Appellate Rule 7 permits an appellate sentence revision when, “after due consideration of the trial court's decision,” the reviewing court “finds that the sentence is inappropriate in light of the nature of the offense and the character of the offender.” App. R. 7. After considering the pre-sentence investigation report and conducting a sentencing hearing, the trial court found aggravating factors to include the defendant's evasiveness, lack of remorse, and general defiant attitude, that he is likely to commit future crimes, that he curses and verbally abuses his mother, that he smoked marijuana while in the Law Enforcement Center pending trial, and that he has shown a failure to take personal responsibility for his actions. The trial court also noted mitigating factors in the defendant's young age and the fact that this was his first adult offense. But it expressly declined to give mitigating value to the fact that the defendant has two sons because of the defendant's failure to make significant efforts toward their support and “the contempt shown by defendant towards his children.” Tr. at 419. Balancing the aggravating and mitigating factors, the trial court ordered the thirty-year advisory sentence for a class A felony,4 and then suspended ten years to probation.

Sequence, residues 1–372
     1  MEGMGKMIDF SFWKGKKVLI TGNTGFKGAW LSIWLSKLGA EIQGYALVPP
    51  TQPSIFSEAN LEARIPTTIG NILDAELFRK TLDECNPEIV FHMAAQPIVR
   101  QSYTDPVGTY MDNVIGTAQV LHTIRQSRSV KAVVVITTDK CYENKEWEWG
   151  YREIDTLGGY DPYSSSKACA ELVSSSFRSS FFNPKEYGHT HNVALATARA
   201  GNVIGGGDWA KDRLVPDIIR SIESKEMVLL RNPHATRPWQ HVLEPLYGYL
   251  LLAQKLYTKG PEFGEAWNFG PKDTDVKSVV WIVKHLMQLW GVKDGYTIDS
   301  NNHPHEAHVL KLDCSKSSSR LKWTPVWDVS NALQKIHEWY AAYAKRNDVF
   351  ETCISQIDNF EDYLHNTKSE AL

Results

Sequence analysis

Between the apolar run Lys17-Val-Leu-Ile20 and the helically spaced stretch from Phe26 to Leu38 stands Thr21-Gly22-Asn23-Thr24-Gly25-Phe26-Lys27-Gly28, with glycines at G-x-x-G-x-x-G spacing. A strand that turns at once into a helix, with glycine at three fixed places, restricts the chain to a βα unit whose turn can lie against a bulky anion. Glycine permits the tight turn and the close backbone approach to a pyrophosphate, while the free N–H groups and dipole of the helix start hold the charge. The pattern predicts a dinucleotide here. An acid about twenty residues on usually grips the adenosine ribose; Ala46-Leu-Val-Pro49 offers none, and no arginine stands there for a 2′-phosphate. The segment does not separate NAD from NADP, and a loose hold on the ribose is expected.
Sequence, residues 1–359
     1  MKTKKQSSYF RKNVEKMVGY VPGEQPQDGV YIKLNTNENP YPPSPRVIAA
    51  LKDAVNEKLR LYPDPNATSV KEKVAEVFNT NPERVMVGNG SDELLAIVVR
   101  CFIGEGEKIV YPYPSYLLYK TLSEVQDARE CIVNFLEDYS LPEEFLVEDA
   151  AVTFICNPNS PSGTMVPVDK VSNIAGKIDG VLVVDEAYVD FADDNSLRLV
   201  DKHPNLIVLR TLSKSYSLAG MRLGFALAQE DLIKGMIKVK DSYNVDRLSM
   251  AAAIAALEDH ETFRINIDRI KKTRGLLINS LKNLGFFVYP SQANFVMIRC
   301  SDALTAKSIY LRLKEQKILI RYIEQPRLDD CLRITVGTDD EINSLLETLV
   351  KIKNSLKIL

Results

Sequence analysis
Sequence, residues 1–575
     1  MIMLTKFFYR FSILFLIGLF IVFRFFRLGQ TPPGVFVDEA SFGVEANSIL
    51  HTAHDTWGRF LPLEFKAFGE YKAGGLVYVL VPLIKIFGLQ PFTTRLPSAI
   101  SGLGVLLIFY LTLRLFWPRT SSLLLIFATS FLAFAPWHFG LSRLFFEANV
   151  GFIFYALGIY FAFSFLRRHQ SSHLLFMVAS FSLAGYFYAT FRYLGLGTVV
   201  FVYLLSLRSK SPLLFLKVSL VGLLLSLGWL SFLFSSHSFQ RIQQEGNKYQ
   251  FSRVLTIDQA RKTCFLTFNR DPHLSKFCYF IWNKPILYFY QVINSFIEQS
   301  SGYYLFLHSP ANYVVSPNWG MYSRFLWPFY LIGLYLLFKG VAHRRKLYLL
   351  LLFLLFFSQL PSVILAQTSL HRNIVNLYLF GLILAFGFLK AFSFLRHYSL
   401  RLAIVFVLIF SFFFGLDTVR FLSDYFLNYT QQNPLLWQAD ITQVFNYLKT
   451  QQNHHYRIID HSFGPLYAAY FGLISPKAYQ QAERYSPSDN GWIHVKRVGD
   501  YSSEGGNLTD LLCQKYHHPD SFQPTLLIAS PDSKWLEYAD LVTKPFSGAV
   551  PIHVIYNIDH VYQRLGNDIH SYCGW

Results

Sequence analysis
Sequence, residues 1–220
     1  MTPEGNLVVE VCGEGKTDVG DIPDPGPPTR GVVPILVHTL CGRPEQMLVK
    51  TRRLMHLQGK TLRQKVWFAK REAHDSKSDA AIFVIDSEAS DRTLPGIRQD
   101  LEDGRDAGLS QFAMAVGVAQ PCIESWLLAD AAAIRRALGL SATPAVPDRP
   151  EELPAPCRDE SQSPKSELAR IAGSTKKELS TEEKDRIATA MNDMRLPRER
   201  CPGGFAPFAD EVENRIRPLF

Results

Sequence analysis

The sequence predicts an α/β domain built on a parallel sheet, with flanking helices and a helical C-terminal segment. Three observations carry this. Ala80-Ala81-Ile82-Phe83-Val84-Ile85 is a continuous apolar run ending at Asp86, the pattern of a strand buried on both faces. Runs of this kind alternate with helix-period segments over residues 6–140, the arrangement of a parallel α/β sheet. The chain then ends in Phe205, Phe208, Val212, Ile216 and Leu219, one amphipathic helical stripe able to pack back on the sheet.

We decline to find that the sentence selected by the trial court was inappropriate in light of the nature of the offense and the defendant's character.


The judgment of the trial court is affirmed.


1.  Ind. Appellate Rule 58(A)(2).